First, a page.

The 'Industrial Revolution' preceded widespread coal and steel usage
According to Wikipedia,
The Industrial Revolution was the transition to new manufacturing
processes in the period from about 1760 to sometime between 1820 and
Coal production didn't really kick off until the 1860s or later. I can't find a suitable time graph for the United Kingdom, but for the US here is a chart of energy consumption over time.
Notice that coal production is close to zero until 1840 or later. However, in the US notice that Robert Fulton's steamboat made its first trip in 1807, and the first common carrier, steam driven railroad opened in 1830 (thought it wasn't very long).
As for steel, here is chart of UK steel production by year.
As you can see the chart goes back only to 1870.
In conclusion, the industries that required heavy mining output developed AFTER the Industrial Revolution.
What did happen during the industrial revolution?
To sum up the 'Important techonlogical developments' bullets from Wikipedia, here are the things that did happen during the industrial revolution, most of which would be unaffected by the lack of accessible minerals.
Textile manufacture. Important inventions were made early, included the flying shuttle (1733), spinning jenny (1764), and spinning frame (1769). Factories (as opposed to the medieval putting out system) started in 1733 (donkey powered), water power applications started at least by the 1760s. On the raw materials end, Eli Whitney's cotton gin was patented in 1794. Did not require mining.
Metallurgy. Use of coke, distilled from bituminous coal, to power blast furnaces (1709). Requires mining, although we saw from the charts that not so much was made until the 1850s and later. Charcoal and limited coal availability would be able to meet demand up until that point.
Steam Power. Newcomen steam engines from 1712, Watt's steam engine in 1778. Does not require mining, although coal made them more efficient.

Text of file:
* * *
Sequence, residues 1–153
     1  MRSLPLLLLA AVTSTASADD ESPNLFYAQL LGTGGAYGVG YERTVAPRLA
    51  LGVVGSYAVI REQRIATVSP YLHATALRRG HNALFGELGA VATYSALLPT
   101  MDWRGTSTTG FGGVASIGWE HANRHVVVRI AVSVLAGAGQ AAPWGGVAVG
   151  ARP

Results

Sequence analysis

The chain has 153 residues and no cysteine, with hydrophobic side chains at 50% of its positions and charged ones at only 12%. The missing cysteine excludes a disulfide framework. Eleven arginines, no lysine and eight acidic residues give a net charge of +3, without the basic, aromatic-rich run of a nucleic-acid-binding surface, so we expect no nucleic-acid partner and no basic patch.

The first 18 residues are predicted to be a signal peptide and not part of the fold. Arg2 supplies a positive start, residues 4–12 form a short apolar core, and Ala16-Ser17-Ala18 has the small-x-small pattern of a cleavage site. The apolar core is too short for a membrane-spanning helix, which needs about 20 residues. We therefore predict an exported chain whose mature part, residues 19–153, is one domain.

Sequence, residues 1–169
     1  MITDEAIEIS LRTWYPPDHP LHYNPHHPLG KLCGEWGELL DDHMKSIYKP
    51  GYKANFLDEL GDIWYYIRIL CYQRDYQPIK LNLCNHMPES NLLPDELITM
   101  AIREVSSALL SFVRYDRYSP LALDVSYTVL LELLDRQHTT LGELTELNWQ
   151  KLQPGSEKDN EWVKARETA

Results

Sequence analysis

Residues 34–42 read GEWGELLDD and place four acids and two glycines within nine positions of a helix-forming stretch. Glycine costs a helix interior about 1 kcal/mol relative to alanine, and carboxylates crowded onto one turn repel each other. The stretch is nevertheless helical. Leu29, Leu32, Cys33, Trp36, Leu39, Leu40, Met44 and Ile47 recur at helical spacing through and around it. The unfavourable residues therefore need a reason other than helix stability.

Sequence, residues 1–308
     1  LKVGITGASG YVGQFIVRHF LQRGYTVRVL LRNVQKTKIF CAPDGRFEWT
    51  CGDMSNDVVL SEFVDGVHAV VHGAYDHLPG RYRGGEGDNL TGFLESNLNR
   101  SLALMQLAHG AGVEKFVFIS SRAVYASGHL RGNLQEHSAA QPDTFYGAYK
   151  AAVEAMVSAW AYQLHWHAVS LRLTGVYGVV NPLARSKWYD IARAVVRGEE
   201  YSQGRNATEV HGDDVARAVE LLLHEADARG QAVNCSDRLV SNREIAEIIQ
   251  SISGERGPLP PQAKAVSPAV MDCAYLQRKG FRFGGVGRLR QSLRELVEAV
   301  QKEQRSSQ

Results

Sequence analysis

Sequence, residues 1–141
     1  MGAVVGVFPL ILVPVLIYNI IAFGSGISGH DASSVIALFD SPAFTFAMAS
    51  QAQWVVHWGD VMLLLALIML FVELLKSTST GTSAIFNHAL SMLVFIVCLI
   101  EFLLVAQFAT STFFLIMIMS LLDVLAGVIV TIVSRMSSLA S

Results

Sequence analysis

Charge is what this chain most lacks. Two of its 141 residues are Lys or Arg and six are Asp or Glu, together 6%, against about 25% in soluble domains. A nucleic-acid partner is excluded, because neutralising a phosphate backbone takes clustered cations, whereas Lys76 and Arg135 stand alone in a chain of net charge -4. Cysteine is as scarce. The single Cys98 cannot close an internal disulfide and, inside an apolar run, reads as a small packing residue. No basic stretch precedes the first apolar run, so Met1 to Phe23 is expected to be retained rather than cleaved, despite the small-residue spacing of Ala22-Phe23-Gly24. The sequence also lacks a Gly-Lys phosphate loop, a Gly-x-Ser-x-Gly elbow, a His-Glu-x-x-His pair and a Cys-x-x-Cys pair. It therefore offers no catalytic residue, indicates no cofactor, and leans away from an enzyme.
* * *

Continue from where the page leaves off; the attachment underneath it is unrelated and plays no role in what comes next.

Machine Tools. Boring, planing, and milling machines. Maudslay's metal lathe in 1800; Bramah's planing machine in 1802. Both of these were initially operated by human power, with a treadle. All of these can be driven by waterpower (or windpower). Alternately, steam engines driven by charcoal can be used. Does not require mining.
Chemicals. Sulfuric acid by the lead chamber process (1746), sodium carbonate (1791), powdered bleach (1800). Some ingredients like limestone must be mined, though most in relatively small quantities, others like soda ash and potash can either be mined or obtained from brunt plants. Does not require large scale mining.
Cement. Invented in 1824, requires clay and limestone. Needs sand and gravel to make concrete. Does require mining, but none of these ingredients is particularly rare. Should be readily available.
Gas Lighting. Derived from coal gas. Did required mining.
Glass Making. Cylinder blown sheet class, developed before the 1830s. Can be done with charcoal, does not require mining. Volume of glass created is not so large that it would stress charcoal supplies.
Paper making. Invented in 1798. Can be water powered, does not require mining.
Agriculture. Improved iron plow parts were made available by machine tool technology. Early inventions were machines (like the seed drill, or threshing machine) that were either hand or animal powered. Does not require mining.
Mining. Ummm...does require mining.
Transporation. Large scale application of railroads would require mining for coal and steel. However, railroad's vanquished competitor, the canal, did not. Canals developed slightly before rail, but lost to them because rails could climb hills that canals could not. Were coal and steel not available, canals are just as effective if not more so than 19th century railroads over flat land. This just serves to concentrate industry on plains.
While development of large scale industry after 1860 would be severely limited by access to coal and steel, many of the developments that made up the industrial revolution would be possible without it. Textiles, canals, chemistry, machine tools, and especially improved agriculture would provide much of the needed developments.
It is important to notice that all the required developments for later electric technologies are there. Concrete, waterwheels, and machine tools are all that is needed to build hydroelectric dams. Once electricity is properly investigated, this post-apocalyptic civilization could proceed directly from the Industrial Revolution to electric powered society, skipping over the heavy iron and steel usage.